Current is generated at the National Research Council's Institute for Marine Dynamics, Offshore Engineering Basin (OEB) in St. John's, Newfoundland, using a pump thruster system in which flow is conveyed under a false floor and returns through the test section of basin. The objectives of this project were to quantify and assess the performance of the existing current generation system and to experimentally verify a design exit manifold for improved current generation. At present, current operation results in large-scale vertical vortices being produced at the current exit end of the basin where. the wave boards are installed. The exit flow is not confined and therefore flow divergence occurs at the vertical back wall of the basin. These conditions contribute to substantial energy losses at the exit region, which in turn result in low current velocities at the test region of the basin.
Through the use of Computational Fluid Dynamics, preliminary designs for an exit manifold to reverse flow back into the basin were modeled to ensure an efficient system is implemented to dissipate the flow into the basin. The CFD models provided an insight into the shear flow turbulent mixing at the exit region. For operational reasons the design was constrained to a height of 0.35m and a maximum length of approximately 4. 0m. The final detailed design called for a contraction/expansion combination, J 80° turn with exit manifold and flow straighteners. A prototype of the design was fabricated of aluminum and experimental tests were conducted to assess its performance.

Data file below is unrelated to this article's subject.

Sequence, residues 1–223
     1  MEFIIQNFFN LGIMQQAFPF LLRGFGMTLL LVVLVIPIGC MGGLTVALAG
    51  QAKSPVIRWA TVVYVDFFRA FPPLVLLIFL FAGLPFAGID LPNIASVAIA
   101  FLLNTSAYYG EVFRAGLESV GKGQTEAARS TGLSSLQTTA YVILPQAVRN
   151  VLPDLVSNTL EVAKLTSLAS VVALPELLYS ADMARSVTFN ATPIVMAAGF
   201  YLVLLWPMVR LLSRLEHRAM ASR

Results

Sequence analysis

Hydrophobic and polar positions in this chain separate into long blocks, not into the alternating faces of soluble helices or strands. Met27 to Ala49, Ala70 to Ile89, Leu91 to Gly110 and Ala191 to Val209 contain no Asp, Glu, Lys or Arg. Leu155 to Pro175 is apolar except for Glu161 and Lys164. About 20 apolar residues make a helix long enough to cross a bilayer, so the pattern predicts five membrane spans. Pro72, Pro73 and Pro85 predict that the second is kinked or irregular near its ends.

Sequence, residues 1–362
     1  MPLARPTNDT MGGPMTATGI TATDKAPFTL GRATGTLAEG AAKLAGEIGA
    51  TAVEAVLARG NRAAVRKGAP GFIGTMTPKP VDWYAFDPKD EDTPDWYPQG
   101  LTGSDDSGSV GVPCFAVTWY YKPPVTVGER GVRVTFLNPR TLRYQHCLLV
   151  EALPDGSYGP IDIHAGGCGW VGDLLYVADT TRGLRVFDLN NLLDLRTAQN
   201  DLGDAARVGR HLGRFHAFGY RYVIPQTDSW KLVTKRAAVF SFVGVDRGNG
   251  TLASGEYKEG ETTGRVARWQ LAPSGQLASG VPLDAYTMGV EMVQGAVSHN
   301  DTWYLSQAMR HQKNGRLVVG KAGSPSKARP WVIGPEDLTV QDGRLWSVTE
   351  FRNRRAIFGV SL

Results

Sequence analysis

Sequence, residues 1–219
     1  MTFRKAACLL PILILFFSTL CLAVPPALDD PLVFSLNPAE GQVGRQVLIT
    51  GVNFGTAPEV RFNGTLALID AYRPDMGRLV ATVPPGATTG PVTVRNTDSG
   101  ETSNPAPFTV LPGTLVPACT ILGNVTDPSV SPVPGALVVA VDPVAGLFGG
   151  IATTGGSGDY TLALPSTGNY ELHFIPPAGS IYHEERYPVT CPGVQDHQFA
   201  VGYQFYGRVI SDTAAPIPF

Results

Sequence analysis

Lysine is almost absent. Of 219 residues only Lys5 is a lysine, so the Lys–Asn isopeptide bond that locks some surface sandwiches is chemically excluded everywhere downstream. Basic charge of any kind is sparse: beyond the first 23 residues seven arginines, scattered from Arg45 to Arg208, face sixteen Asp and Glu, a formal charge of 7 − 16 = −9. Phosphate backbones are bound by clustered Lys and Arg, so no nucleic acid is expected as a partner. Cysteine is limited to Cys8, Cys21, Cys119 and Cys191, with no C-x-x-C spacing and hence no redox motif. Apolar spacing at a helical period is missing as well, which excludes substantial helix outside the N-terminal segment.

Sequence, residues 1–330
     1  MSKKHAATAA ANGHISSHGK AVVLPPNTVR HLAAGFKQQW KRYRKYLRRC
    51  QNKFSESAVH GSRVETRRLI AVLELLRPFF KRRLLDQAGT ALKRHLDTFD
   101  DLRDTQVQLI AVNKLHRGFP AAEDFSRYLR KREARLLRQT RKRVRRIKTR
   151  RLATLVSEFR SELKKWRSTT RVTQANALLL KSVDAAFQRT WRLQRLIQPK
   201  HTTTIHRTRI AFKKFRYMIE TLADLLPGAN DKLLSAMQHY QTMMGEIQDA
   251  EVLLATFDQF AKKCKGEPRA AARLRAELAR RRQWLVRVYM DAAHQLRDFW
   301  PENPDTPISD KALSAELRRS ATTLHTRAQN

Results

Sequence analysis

The results of the experiments showed a significant improvement in current generation capabilities over the present current generation setup. For deep-water tests, the use of the prototype exit manifold resulted in a velocity magnitude increase of two times over the present setup. Shallow water tests resulted in a velocity magnitude increase of greater than three times over the present setup. It is envisaged that the installation of the exit manifold design in the OEB will significantly improve the current generation.